Borehole measurements of geophysical parameters involve downhole sensors, means for transmitting data to the surface, and recording and processing systems. As demand for accurate formation evaluation increases, not only the number of well logging sensors but also the amount of data acquired by each has been increasing at an accelerating rate. To meet this challenge of data explosion, logging tools have been equipped with downhole computers for digital transmission of data to the surface, where other computers are used for recording and real time processing.

Open-hole evaluations of porosity, hydrocarbon saturations, and permeability are conducted through a broad spectrum of borehole geophysical measurements, including electromagnetic and elastic wave propagation, and nuclear radiation. Modern suites of electric logs such as focused resistivity and conductivity, and mi-croresistivity allow accurate determination of resistivities of the invaded zone and of the formation for borehole environments varying from fresh-water to saltwater muds and high- to low-resistivity formations. Measurements of the properties of electromagnetic wave propagation yield the dielectric constant of the formation, which in turn allows determination of hydrocarbon saturation independent of the water salinity.

Digital recording of the acoustic full waveforms has facilitated the extraction of both shear and com-pressional wave data. Compressional and shear wave velocities are used for porosity and lithology interpretation as well as identification of gas zones; and their amplitudes for fracture evaluation. With the recent development of image enhancement technology, borehole televiewers are finding greater use in evaluation of fractured reservoirs.

In radioactivity logging, natural gamma-ray spectroscopy measures the contributions of the uranium series, the thorium series, and potassium nuclei. These provide information regarding clay type and cation exchange capacity (CEC), and fracture evaluation. Borehole compensated density logs and the dual-detector thermal and epithermal neutron logs provide information on porosity, lithology, and gas saturation. The recent density-lithology log, in addition to electron density, also measures photoelectric absorption cross-section, which provides information on rock mineralogy.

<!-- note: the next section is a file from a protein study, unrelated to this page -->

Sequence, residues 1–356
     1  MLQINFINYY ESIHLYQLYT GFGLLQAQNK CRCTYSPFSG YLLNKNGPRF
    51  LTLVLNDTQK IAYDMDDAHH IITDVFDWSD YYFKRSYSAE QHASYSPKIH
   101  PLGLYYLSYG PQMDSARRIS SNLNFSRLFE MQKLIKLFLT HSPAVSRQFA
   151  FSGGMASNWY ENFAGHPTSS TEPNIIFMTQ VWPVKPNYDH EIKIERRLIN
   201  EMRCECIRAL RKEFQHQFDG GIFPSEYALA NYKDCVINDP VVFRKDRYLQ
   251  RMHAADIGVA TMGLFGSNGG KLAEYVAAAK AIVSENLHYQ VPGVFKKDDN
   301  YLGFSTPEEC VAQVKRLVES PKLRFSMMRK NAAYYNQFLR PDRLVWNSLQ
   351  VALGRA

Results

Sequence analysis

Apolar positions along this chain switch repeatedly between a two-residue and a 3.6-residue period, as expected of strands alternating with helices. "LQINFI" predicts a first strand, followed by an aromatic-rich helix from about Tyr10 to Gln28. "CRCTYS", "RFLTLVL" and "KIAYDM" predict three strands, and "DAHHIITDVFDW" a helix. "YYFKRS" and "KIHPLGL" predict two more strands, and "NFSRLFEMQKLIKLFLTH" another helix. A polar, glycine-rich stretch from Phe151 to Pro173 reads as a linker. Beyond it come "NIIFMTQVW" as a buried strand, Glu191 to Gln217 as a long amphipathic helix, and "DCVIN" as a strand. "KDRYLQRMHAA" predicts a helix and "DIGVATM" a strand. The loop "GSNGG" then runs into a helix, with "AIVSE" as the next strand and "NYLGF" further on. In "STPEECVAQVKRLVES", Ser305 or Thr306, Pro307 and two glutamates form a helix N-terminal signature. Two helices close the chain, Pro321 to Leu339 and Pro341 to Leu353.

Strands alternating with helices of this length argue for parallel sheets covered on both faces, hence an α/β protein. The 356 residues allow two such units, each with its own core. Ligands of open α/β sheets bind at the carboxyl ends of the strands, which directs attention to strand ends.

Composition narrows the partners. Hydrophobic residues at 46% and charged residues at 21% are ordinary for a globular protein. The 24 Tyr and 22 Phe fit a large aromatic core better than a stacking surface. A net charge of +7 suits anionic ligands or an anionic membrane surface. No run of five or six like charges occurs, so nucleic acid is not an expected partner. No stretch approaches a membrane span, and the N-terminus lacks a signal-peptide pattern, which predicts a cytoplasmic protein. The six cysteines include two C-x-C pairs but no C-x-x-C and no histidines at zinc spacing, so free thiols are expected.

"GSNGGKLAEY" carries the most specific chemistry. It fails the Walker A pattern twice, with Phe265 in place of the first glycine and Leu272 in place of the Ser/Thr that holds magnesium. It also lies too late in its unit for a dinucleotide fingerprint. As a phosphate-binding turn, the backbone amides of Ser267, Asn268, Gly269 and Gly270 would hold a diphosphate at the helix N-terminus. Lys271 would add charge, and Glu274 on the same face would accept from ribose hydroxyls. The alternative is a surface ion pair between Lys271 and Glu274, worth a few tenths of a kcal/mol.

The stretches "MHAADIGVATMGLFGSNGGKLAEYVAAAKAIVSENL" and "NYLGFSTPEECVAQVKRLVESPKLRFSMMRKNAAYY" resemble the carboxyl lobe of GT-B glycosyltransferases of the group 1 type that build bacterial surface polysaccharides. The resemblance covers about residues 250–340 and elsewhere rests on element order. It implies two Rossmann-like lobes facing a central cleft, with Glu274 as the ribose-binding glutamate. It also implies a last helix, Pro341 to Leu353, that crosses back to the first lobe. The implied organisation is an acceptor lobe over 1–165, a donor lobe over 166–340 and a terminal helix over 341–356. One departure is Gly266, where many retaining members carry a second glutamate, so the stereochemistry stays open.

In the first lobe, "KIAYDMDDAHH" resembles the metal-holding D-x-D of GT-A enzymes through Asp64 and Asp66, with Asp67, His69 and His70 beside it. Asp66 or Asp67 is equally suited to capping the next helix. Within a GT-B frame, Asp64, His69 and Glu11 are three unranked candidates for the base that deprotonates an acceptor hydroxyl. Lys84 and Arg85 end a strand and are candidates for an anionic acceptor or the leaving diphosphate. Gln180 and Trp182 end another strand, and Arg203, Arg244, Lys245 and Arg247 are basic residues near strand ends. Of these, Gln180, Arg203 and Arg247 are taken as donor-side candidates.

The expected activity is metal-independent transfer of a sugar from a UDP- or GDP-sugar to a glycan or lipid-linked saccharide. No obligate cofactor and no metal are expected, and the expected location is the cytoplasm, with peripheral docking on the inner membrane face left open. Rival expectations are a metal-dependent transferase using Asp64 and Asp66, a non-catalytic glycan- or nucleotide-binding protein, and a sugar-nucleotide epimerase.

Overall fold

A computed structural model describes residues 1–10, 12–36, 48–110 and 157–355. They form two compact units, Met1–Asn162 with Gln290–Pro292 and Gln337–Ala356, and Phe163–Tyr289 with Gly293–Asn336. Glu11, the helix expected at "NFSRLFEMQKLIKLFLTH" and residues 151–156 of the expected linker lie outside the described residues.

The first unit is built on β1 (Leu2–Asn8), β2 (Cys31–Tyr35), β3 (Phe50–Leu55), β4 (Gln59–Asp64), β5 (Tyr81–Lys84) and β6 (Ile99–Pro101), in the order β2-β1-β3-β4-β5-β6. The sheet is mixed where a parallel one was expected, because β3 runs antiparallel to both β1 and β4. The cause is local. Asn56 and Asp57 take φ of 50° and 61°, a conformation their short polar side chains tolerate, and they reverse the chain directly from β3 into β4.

Pulsed neutron capture logs provide hydrocarbon saturations in both open and cased holes. Inelastic and capture spectroscopy provide various elemental determinations, including C/O and Si/Ca logs. These are especially useful in determining hydrocarbon saturations in reservoirs containing waters with unknown or very low salinities.

Another highly useful measurement in open holes is the nuclear magnetic resonance (NML) which yields free-fluid index and permeability information in sand-shale sequences and porosity in carbonates.

Downhole and wellsite computers have made possible the combining of many of these measurements into a single tool, which, in one run, provides a complete suite of logs for formation evaluation. Wellsite computers provide quick-look processing of these log data for immediate completion decisions. They also allow transmission via satellites or phone lines to central computer facilities, for more complete analyses.

Core analysis provides significant input into open-hole evaluation. Petrophysical parameters such as porosity, permeability, formation factor, and resistivity index are determined by measurements on core samples under simulated subsurface conditions. Rock samples are studied by scanning electron microscopy (SEM), X-ray analysis, gamma-ray spectroscopy, neutron activation analysis, and cation exchange capacity (CEC) measurements. The repeat formation tester provides essential data on reservoir pressures and fluid samples for laboratory analyses.

None of the above techniques alone is sufficient to provide the basis for costly decisions. They can most effectively be made through an integrated evaluation of well log, rock and fluid analyses, and reservoir data.

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